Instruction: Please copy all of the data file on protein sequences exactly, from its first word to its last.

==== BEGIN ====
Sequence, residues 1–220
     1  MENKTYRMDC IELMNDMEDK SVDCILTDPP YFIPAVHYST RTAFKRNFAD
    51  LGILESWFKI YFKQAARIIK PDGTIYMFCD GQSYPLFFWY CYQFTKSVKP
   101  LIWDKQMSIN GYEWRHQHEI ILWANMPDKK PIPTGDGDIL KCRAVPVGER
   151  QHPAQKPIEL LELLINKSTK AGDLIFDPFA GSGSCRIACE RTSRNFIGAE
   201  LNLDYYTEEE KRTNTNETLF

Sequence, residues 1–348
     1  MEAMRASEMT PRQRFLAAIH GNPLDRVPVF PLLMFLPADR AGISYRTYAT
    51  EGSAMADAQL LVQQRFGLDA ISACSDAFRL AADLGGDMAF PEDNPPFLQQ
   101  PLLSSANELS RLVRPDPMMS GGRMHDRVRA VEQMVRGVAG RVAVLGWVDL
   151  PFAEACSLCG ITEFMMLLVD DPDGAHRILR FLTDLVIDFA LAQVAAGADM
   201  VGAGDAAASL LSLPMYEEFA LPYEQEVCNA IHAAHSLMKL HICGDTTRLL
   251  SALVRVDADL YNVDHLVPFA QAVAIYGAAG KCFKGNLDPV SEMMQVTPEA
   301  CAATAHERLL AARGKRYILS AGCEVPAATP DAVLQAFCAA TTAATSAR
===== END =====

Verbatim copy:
Sequence, residues 1–220
     1  MENKTYRMDC IELMNDMEDK SVDCILTDPP YFIPAVHYST RTAFKRNFAD
    51  LGILESWFKI YFKQAARIIK PDGTIYMFCD GQSYPLFFWY CYQFTKSVKP
   101  LIWDKQMSIN GYEWRHQHEI ILWANMPDKK PIPTGDGDIL KCRAVPVGER
   151  QHPAQKPIEL LELLINKSTK AGDLIFDPFA GSGSCRIACE RTSRNFIGAE
   201  LNLDYYTEEE KRTNTNETLF

Sequence, residues 1–348
     1  MEAMRASEMT PRQRFLAAIH GNPLDRVPVF PLLMFLPADR AGISYRTYAT
    51  EGSAMADAQL LVQQRFGLDA ISACSDAFRL AADLGGDMAF PEDNPPFLQQ
   101  PLLSSANELS RLVRPDPMMS GGRMHDRVRA VEQMVRGVAG RVAVLGWVDL
   151  PFAEACSLCG ITEFMMLLVD DPDGAHRILR FLTDLVIDFA LAQVAAGADM
   201  VGAGDAAASL LSLPMYEEFA LPYEQEVCNA IHAAHSLMKL HICGDTTRLL
   251  SALVRVDADL YNVDHLVPFA QAVAIYGAAG KCFKGNLDPV SEMMQVTPEA
   301  CAATAHERLL AARGKRYILS AGCEVPAATP DAVLQAFCAA TTAATSAR